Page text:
July 2018 – The sun has returned after five particularly rainy months, and the vignerons and vigneronnes have begun the work of green pruning: desuckering, removing secondary shoots and raising the support wires.
In certain parcels, “bridges” are also being created between two shoots from adjacent vines. This technique, called le tressage (literally “braiding”), is used on parcels such as those situated on the Brauzes plateau.
The braiding of vine shoots is a manual practice which seems to be of particular interest for the grapevine.
In the wild, a vine depends on other plants to be able to grow and flourish. With the practice of braiding, we permit it to recreate these social links, this form of communication, which proves to be beneficial to its development. To accomplish the manoeuvre, one must first wait until the shoots begin to bend. At this point, instead of trimming them, we delicately intertwine the shoots of the two adjacent vines in the same row. Very soon the vine tendrils will become intertwined, and the two vines will become linked. They communicate.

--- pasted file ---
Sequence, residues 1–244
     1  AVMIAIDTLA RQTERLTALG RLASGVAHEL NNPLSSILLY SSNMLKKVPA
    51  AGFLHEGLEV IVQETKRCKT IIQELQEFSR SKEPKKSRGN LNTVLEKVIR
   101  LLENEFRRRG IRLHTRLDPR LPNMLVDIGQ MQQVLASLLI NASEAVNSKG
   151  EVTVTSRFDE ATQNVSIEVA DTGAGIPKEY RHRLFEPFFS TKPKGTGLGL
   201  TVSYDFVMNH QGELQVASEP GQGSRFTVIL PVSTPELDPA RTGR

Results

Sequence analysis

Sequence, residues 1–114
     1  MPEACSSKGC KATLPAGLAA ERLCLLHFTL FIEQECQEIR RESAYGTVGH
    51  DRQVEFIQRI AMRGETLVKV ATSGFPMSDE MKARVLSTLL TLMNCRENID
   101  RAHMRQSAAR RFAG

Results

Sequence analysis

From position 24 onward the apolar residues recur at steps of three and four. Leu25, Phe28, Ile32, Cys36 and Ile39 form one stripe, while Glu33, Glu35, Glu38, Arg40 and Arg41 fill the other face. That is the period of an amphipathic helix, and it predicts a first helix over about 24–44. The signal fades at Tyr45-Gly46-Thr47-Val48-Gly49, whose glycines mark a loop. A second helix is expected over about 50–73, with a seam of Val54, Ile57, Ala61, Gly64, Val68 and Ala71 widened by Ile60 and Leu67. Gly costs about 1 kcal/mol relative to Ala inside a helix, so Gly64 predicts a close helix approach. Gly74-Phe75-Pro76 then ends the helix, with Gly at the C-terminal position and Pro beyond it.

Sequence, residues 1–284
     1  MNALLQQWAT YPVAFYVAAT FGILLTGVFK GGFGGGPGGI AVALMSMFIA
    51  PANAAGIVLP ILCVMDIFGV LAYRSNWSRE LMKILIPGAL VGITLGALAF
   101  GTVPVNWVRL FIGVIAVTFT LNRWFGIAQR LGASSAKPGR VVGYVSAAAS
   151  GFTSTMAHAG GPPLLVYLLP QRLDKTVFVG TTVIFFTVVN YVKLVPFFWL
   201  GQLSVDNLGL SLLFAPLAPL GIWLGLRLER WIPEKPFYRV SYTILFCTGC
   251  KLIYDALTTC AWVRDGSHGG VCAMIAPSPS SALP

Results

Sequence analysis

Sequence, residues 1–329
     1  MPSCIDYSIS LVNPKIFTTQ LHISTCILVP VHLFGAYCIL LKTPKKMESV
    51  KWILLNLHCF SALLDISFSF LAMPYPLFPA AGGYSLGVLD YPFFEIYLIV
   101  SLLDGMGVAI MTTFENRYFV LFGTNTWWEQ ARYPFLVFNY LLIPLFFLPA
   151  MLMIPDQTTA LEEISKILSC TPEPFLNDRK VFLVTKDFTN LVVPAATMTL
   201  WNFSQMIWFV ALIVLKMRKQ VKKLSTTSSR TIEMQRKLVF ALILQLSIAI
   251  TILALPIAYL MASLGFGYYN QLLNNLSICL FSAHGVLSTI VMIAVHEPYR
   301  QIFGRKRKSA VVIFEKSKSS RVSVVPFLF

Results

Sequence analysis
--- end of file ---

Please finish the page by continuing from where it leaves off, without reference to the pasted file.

Not trimming the vines also allows us to preserve its apex.
The apex is found at the end or tip of the plant. It is at once the seat of the vine shoot’s memory, its senses, and its decision-making – essentially, it’s the plant’s brain. Carrying a memory of the meteorological conditions of the vintage, the apex protects its shoot by sending back information to the plant, thus safeguarding the grapes it means to bring to maturity.
After several years of experimenting, we’ve noted that the creation of these bridges results in an improved management of the plant’s water consumption. And since we no longer trim the vine tips, it also limits the growth of secondary shoots. In the event of a rainy period, as was the case in the month of June, this technique helps to better aerate the grape bunches (after desuckering), which aids in keeping the berries dry and exposed to sunlight.
The vines are thus better prepared to withstand external threats, to deal with hydric stress, and to communicate with one another, while developing their root system and their leaf surface. A growing method more in harmony with their natural development. All to produce grapes of ever greater quality… and an apex full of memories.